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JOURNAL ARTICLE
REVIEW

Interventions for iatrogenic inferior alveolar and lingual nerve injury

Paul Coulthard, Evgeny Kushnerev, Julian M Yates, Tanya Walsh, Neil Patel, Edmund Bailey, Tara F Renton
Cochrane Database of Systematic Reviews 2014 April 16, (4): CD005293
24740534

BACKGROUND: Iatrogenic injury of the inferior alveolar or lingual nerve or both is a known complication of oral and maxillofacial surgery procedures. Injury to these two branches of the mandibular division of the trigeminal nerve may result in altered sensation associated with the ipsilateral lower lip or tongue or both and may include anaesthesia, paraesthesia, dysaesthesia, hyperalgesia, allodynia, hypoaesthesia and hyperaesthesia. Injury to the lingual nerve may also affect taste perception on the affected side of the tongue. The vast majority (approximately 90%) of these injuries are temporary in nature and resolve within eight weeks. However, if the injury persists beyond six months it is deemed to be permanent. Surgical, medical and psychological techniques have been used as a treatment for such injuries, though at present there is no consensus on the preferred intervention, or the timing of the intervention.

OBJECTIVES: To evaluate the effects of different interventions and timings of interventions to treat iatrogenic injury of the inferior alveolar or lingual nerves.

SEARCH METHODS: We searched the following electronic databases: the Cochrane Oral Health Group's Trial Register (to 9 October 2013), the Cochrane Central Register of Controlled Trials (CENTRAL) (The Cochrane Library 2013, Issue 9), MEDLINE via OVID (1946 to 9 October 2013) and EMBASE via OVID (1980 to 9 October 2013). No language restrictions were placed on the language or date of publication when searching the electronic databases.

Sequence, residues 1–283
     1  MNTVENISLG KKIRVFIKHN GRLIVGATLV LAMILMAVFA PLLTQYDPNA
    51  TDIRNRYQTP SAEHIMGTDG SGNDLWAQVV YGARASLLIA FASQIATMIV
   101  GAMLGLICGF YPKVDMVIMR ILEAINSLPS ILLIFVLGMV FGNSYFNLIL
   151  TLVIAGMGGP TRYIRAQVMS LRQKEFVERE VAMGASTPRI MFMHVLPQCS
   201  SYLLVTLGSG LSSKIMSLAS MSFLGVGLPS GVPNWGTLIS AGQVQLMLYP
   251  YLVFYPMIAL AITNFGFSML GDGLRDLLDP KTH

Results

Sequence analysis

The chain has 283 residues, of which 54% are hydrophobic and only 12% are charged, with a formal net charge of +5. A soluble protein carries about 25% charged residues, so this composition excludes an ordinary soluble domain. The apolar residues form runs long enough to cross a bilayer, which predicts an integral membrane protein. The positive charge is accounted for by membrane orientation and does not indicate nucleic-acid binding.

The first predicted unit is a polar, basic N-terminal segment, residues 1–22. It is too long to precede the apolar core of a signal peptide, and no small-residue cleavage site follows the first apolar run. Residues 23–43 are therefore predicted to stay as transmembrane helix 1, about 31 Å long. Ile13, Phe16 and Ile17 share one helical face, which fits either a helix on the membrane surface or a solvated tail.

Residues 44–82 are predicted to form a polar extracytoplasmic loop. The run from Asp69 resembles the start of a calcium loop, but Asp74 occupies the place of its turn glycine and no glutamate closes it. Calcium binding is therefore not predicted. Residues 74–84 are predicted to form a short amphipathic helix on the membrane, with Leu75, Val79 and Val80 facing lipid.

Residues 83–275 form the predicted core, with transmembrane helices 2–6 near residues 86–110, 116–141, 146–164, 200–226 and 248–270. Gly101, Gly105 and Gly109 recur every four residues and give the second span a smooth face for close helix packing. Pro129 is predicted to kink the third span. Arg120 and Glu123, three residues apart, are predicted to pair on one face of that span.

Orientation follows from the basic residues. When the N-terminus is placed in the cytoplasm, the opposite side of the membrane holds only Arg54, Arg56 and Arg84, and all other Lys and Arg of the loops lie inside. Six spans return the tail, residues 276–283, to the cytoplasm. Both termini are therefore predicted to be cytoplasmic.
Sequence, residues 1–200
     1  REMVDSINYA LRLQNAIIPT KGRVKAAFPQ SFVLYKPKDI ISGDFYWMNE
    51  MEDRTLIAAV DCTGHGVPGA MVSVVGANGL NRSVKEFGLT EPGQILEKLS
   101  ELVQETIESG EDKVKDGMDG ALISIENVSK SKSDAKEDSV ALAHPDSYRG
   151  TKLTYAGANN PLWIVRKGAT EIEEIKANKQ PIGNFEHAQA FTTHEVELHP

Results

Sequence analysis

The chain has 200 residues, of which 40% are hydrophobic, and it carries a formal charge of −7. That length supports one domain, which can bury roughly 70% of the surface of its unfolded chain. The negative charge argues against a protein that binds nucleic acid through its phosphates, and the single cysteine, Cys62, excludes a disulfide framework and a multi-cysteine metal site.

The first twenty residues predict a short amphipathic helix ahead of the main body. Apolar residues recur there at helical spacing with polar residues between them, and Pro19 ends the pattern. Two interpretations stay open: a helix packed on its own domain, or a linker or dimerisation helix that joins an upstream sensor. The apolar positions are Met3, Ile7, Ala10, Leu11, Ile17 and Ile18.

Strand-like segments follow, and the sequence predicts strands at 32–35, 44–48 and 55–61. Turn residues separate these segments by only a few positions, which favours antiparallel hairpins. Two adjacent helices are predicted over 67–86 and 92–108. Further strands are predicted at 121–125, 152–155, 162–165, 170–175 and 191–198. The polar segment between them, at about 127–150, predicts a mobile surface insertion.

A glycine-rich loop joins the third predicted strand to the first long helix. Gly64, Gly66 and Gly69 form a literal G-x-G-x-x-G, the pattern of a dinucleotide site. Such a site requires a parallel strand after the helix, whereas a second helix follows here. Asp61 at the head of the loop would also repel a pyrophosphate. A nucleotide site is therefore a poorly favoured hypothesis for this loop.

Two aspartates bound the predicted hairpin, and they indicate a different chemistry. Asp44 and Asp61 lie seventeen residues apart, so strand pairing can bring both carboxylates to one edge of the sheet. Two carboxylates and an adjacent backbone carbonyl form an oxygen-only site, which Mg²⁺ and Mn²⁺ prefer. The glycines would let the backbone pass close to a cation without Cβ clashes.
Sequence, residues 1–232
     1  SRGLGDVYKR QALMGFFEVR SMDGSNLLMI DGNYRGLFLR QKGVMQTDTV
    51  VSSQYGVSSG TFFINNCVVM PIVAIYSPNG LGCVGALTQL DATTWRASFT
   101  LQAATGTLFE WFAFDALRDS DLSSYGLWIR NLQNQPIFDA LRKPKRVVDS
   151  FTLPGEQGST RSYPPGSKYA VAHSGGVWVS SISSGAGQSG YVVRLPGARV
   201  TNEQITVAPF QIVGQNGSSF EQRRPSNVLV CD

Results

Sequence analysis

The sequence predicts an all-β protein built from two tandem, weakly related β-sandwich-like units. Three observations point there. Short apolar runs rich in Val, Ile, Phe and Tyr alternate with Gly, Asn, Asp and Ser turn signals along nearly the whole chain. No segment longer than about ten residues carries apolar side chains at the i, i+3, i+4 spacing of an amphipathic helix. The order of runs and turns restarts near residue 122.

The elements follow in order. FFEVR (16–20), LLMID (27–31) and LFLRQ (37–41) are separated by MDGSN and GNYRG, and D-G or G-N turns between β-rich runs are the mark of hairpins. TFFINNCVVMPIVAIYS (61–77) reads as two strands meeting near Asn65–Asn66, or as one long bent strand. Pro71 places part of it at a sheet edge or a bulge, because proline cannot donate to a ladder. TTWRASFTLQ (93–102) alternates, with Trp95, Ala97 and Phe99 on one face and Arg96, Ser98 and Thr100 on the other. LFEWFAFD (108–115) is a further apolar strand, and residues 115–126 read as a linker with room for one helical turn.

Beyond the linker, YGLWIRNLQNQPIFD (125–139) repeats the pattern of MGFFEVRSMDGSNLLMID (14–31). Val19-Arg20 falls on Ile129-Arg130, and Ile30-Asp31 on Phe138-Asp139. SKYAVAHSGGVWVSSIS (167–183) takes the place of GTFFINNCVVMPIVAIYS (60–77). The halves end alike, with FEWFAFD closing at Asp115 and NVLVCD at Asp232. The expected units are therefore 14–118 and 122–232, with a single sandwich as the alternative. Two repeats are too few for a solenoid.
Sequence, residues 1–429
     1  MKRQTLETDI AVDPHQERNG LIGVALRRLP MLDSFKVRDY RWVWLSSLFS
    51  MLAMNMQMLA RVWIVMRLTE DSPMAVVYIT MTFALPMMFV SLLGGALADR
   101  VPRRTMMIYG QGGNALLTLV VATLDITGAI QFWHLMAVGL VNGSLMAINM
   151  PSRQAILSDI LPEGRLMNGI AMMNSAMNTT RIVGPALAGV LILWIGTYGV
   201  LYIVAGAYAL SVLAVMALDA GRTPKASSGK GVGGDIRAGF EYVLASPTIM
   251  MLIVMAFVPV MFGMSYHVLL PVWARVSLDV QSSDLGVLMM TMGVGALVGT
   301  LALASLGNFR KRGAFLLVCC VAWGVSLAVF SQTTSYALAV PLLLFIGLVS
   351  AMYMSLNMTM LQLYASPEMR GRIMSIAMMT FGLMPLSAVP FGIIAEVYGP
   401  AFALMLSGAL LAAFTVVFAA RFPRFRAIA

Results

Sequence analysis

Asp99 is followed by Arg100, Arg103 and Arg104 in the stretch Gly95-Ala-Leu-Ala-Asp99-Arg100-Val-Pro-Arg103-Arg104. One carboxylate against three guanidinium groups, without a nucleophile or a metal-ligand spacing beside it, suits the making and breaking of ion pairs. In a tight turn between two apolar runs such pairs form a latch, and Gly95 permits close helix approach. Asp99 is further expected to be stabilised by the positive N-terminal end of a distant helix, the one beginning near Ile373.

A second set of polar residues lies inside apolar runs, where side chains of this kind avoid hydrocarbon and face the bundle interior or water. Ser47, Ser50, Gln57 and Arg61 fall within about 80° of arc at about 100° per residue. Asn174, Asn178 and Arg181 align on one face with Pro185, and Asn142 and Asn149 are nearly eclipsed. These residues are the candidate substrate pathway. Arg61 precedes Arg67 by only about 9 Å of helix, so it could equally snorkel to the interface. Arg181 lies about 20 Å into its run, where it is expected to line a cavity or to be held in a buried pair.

SELECTION CRITERIA: Randomised controlled trials (RCTs) involving interventions to treat patients with neurosensory defect of the inferior alveolar or lingual nerve or both as a sequela of iatrogenic injury.

DATA COLLECTION AND ANALYSIS: We used the standard methodological procedures expected by The Cochrane Collaboration. We performed data extraction and assessment of the risk of bias independently and in duplicate. We contacted authors to clarify the inclusion criteria of the studies.

MAIN RESULTS: Two studies assessed as at high risk of bias, reporting data from 26 analysed participants were included in this review. The age range of participants was from 17 to 55 years. Both trials investigated the effectiveness of low-level laser treatment compared to placebo laser therapy on inferior alveolar sensory deficit as a result of iatrogenic injury.Patient-reported altered sensation was partially reported in one study and fully reported in another. Following treatment with laser therapy, there was some evidence of an improvement in the subjective assessment of neurosensory deficit in the lip and chin areas compared to placebo, though the estimates were imprecise: a difference in mean change in neurosensory deficit of the chin of 8.40 cm (95% confidence interval (CI) 3.67 to 13.13) and a difference in mean change in neurosensory deficit of the lip of 21.79 cm (95% CI 5.29 to 38.29). The overall quality of the evidence for this outcome was very low; the outcome data were fully reported in one small study of 13 patients, with differential drop-out in the control group, and patients suffered only partial loss of sensation. No studies reported on the effects of the intervention on the remaining primary outcomes of pain, difficulty eating or speaking or taste. No studies reported on quality of life or adverse events.The overall quality of the evidence was very low as a result of limitations in the conduct and reporting of the studies, indirectness of the evidence and the imprecision of the results.

AUTHORS' CONCLUSIONS: There is clearly a need for randomised controlled clinical trials to investigate the effectiveness of surgical, medical and psychological interventions for iatrogenic inferior alveolar and lingual nerve injuries. Primary outcomes of this research should include: patient-focused morbidity measures including altered sensation and pain, pain, quantitative sensory testing and the effects of delayed treatment.

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